ANC secretary-general Ace Magashule. File picture: Kim Ludbrook/EPA-EFE
Johannesburg - Under-fire ANC secretary-general Ace Magashule is heading to court, but not to the Commission of Inquiry into state capture, where damning corruption allegations were made against him this week.

Magashule told Independent Media this week that he had been advised by his lawyers to approach the courts to challenge former ANC Free State treasurer Mxolisi Dukwana’s explosive testimony at the commission chaired by Deputy Chief Justice Raymond Zondo on Friday.

He said the commission’s findings were not binding as it was not a court of law.

“The court route is the better route,” Magashule said, adding that he has consulted his lawyers.

The commission’s rules state that a self-incriminating answer or a statement given by a witness is not admissible as evidence against that person in criminal proceedings brought, except where the person is charged with failing to appear before the inquiry or lies when giving evidence.

The former Free State premier is also taking aim at journalist Pieter-Louis Myburgh’s new book Gangster State: Unravelling Ace Magashule’s Web of Capture, which exposes a corruption ring he is alleged to have headed in the province.

Myburgh writes that Magashule demanded 10% kickbacks from business people in exchange for securing lucrative contracts from the provincial administration.

Dukwana, a former Free State education and economic development MEC, told the commission that Magashule was receiving R1 million a month from Rajesh “Tony” Gupta and had been working for the controversial family for many years by the time they offered him a R2 million a month bribe to facilitate a lucrative project.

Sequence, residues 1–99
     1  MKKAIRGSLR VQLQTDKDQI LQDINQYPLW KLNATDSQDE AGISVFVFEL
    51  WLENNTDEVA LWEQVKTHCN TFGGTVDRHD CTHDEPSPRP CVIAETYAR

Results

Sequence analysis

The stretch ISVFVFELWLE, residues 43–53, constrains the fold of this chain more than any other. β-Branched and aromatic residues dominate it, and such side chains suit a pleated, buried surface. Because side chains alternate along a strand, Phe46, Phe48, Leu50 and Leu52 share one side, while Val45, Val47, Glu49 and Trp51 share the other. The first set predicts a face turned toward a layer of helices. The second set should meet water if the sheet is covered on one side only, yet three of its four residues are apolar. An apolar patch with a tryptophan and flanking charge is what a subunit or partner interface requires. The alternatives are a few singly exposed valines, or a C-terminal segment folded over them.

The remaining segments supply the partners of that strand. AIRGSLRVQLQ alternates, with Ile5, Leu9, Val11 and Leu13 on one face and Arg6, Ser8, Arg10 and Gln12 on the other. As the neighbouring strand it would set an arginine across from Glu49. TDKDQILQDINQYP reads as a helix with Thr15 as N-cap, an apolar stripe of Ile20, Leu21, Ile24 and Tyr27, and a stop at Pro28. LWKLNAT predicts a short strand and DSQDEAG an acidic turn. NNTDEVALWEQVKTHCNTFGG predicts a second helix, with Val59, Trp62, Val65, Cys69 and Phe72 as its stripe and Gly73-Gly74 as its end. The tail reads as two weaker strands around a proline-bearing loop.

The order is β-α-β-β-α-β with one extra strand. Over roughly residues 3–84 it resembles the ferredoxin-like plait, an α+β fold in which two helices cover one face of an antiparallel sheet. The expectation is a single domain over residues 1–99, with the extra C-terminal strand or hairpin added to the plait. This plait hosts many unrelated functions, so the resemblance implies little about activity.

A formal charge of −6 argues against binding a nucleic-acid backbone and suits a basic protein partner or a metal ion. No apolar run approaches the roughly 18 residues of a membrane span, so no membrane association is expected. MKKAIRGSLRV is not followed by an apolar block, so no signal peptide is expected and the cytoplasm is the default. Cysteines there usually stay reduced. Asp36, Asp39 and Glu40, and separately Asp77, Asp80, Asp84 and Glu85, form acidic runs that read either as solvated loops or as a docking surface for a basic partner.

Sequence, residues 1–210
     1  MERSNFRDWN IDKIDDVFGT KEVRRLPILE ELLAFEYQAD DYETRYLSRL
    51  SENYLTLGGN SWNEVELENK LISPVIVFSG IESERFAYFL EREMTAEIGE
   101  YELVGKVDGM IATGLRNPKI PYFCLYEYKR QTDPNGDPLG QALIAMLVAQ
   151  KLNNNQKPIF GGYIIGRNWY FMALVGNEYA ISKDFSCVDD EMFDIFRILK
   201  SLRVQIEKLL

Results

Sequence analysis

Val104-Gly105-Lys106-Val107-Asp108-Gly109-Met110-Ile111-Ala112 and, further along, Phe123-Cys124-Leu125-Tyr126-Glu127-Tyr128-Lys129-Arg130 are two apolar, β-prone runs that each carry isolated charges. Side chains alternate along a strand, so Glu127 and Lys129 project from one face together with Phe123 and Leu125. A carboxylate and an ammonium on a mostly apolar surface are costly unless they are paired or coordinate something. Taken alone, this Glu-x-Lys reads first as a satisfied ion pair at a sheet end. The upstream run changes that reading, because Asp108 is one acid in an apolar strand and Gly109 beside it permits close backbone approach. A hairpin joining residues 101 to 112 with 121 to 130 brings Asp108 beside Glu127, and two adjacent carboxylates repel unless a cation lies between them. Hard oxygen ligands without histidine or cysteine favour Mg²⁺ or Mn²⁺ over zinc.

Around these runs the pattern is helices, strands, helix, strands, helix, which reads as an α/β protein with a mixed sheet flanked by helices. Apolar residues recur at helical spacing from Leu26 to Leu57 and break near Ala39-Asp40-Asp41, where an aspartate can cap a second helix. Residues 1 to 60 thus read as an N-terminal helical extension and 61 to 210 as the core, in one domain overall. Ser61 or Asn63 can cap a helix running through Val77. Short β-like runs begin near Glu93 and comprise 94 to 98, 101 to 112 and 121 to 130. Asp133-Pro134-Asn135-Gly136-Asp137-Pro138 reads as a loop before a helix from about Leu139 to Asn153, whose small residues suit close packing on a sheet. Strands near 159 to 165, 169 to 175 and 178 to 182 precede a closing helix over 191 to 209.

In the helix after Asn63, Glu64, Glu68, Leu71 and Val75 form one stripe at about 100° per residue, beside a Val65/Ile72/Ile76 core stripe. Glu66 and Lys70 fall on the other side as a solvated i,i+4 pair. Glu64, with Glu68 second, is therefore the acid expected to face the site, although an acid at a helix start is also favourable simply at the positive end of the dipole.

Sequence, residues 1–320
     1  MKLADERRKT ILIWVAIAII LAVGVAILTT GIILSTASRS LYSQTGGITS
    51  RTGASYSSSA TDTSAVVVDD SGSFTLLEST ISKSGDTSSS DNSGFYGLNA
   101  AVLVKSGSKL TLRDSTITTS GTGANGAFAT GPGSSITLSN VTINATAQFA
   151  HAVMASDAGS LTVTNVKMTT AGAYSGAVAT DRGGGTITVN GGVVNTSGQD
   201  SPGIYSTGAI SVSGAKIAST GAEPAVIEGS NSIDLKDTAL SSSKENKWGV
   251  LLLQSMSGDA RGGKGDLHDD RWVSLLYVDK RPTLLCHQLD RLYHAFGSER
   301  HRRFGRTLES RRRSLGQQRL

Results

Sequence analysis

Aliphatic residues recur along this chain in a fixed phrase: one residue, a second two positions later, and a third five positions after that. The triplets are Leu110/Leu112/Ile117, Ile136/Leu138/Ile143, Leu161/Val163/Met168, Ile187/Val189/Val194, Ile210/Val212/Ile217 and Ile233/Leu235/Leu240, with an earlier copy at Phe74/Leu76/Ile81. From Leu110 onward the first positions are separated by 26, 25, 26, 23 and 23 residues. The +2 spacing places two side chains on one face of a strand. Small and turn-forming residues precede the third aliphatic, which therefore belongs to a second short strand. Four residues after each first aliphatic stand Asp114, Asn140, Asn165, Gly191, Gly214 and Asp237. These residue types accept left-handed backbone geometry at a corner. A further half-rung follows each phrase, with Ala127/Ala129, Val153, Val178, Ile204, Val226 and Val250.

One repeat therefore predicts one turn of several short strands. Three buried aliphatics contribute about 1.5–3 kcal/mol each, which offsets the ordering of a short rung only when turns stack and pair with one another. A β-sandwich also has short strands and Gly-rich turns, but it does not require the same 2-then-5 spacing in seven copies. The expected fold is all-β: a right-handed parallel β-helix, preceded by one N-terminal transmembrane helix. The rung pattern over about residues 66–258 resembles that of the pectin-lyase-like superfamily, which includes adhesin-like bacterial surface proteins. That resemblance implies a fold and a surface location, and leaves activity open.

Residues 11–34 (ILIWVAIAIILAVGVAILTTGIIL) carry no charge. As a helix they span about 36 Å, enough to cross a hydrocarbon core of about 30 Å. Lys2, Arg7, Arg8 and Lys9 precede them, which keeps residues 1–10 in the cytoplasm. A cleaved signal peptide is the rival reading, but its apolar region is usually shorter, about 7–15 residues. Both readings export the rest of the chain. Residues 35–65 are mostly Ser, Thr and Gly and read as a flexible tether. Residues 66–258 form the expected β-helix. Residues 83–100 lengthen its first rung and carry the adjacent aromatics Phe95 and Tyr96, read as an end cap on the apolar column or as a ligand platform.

But Magashule has hit back, saying Dukwana’s evidence before the commission was all “lies, well co-ordinated and fabricated” and that ANC members and South Africans would not be fooled.

“The truth will prevail,” he said.

Magashule asked why Dukwana declined a decade-long R2m a month bribe offered to him by Gupta in 2012 and accepted R10000 from the same person two years later.

Dukwana testified that he was given R10 000 by Gupta for petrol after having travelled from Welkom to Johannesburg.

Earlier this week, Magashule said he told Myburgh that he cannot write allegations about him.

“Why does he call them allegations? I said ‘make them facts so that I can act legally against you’,” he said.

He said Myburgh made every Free State tender as if, as premier, he was in charge of tenders.

According to Magashule, all the allegations of looting made by Myburgh were part of a plan aimed at damaging his character, a plan that he said started before the ANC national conference in 2017.

Magashule demanded that Myburgh bring one person who will go to court and prove he gave him 10% and state how this was done.

Responding to attacks by the ANC and its leaders, the book’s publisher Penguin Random House, said it does not have any axe to grind with any political party and just wants to publish books that people are interested in reading.

It said it wanted to make it very clear that it stood by the book and its author.

Political Bureau